Putting Science in the Dock

In an effort to exclude dubious experts, judges have assumed unprecedented power—and tilted the system against injured consumers.

  1. On a chilly morning in November 2001, David Healy stood in a witness box in Kansas City, Kansas, and received a sobering lesson on the U.S. legal system. A professor of psychological medicine at Cardiff University in Wales, Healy was an expert on serotonin, depression and the brain. He had served as secretary of the British Association for Psychopharmacology. Drug companies sought his advice. He was widely published in scientific journals.

    Healy had crossed the Atlantic to testify in a lawsuit filed against the pharmaceutical firm Pfizer by the parents of a teenager who had hanged himself in his bedroom closet. Thirteen-year-old Matthew Miller had just started taking Zoloft, a drug that can ease depression by boosting serotonin levels in the brain. But the medication seemed to backfire. During his week on Zoloft, Matthew grew “more agitated than I had ever seen him,” his mother, Cheryl Miller, later recalled. She and her husband, Mark, believed their son’s suicide was a direct and gruesome side effect of the drug.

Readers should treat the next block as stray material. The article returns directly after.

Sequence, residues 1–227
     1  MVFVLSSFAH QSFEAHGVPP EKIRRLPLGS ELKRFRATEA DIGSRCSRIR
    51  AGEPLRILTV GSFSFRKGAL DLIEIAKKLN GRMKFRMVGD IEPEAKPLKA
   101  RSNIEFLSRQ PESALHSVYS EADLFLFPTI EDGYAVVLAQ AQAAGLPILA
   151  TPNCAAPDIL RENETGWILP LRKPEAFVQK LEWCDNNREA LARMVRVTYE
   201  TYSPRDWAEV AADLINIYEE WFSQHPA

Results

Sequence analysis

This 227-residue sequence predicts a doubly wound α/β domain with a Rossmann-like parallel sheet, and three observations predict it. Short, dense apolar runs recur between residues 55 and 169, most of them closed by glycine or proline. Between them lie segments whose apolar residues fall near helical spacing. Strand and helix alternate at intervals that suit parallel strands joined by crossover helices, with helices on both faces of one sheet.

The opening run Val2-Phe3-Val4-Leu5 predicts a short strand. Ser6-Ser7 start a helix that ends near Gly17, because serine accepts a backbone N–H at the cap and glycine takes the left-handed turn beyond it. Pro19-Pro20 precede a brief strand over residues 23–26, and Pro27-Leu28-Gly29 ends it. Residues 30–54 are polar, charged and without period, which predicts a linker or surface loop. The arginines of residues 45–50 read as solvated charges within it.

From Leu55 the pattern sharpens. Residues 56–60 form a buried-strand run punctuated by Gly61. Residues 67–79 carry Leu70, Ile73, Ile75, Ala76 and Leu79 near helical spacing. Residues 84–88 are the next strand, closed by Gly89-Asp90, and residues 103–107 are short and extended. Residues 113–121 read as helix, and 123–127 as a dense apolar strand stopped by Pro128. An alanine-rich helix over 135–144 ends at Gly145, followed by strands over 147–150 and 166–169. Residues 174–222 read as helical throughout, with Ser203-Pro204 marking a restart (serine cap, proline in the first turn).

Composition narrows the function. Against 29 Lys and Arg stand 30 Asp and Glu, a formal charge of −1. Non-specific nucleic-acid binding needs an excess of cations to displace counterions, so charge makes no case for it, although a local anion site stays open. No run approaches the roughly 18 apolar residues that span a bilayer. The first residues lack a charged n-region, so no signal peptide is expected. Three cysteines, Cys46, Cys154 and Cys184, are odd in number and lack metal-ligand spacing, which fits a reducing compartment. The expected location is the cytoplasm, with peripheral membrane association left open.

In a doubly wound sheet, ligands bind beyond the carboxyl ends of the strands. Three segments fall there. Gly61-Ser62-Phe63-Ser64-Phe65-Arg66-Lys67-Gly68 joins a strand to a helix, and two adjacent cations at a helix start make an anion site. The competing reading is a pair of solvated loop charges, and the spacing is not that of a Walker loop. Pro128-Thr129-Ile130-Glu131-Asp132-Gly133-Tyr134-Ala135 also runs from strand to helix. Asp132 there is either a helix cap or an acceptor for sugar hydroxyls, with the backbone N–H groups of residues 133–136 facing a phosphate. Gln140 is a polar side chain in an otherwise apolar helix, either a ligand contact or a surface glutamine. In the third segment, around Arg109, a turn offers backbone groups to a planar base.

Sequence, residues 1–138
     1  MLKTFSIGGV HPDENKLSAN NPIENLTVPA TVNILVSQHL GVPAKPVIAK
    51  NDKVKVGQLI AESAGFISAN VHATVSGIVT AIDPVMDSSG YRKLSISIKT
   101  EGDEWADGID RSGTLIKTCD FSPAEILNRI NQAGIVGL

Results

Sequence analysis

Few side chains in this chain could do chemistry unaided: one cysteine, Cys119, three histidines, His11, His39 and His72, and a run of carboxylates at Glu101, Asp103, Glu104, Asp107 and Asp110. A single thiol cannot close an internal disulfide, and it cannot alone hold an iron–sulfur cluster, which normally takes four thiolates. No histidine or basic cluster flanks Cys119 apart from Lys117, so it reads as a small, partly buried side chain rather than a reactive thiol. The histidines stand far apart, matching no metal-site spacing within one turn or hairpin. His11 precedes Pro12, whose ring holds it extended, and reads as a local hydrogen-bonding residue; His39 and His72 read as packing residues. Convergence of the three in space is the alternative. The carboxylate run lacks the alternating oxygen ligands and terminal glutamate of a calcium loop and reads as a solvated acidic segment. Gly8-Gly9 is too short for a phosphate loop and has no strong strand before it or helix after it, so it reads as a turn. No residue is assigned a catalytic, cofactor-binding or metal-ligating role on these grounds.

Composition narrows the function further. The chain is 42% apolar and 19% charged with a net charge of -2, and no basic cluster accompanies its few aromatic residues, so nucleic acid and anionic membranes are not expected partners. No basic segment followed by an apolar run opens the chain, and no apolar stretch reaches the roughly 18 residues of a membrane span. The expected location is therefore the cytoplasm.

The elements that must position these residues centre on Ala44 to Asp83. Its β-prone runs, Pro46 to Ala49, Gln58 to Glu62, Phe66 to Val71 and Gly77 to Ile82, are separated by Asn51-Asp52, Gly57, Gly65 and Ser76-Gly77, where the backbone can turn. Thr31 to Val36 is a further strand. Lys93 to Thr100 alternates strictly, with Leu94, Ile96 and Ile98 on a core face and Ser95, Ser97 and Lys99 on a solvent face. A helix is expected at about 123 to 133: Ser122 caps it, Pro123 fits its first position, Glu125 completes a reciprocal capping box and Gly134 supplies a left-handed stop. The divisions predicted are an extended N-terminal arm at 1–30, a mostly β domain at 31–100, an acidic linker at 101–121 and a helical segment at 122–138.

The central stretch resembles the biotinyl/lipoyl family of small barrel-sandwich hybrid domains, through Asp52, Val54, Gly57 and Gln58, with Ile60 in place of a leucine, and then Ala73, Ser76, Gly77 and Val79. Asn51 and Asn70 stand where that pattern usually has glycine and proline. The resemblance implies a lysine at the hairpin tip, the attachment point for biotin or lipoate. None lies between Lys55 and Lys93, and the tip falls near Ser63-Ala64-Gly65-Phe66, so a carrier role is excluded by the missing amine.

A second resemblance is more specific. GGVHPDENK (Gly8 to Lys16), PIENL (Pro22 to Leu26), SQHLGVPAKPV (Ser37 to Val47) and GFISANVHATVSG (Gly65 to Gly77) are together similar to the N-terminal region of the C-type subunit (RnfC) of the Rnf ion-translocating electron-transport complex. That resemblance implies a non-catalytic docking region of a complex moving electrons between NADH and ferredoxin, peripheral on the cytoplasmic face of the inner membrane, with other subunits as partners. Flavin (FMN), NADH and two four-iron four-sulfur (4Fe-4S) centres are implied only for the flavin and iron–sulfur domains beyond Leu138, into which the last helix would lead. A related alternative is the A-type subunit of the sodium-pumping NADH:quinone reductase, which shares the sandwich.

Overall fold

The Millers knew that psychiatrists had seen violent suicidal behavior in a handful of patients taking selective serotonin reuptake inhibitors (SSRIs) like Zoloft. They invited Healy to testify about this rare phenomenon. Though he routinely prescribed SSRIs in his own practice, Healy had become increasingly outspoken about the dangers of these antidepressants. He believed the evidence showed that the drug could be largely blamed for Matthew’s suicide.

    Before the...

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